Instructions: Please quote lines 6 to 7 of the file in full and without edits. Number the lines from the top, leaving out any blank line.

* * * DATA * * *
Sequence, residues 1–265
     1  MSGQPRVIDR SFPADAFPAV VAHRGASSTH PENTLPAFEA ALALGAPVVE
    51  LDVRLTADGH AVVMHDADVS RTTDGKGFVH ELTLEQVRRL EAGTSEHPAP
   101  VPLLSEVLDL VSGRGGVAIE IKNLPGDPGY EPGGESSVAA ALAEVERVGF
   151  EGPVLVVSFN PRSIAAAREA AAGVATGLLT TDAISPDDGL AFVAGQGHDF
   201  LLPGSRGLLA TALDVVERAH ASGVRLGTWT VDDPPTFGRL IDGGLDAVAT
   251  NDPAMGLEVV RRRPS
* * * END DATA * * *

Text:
   201  LLPGSRGLLA TALDVVERAH ASGVRLGTWT VDDPPTFGRL IDGGLDAVAT
   251  NDPAMGLEVV RRRPS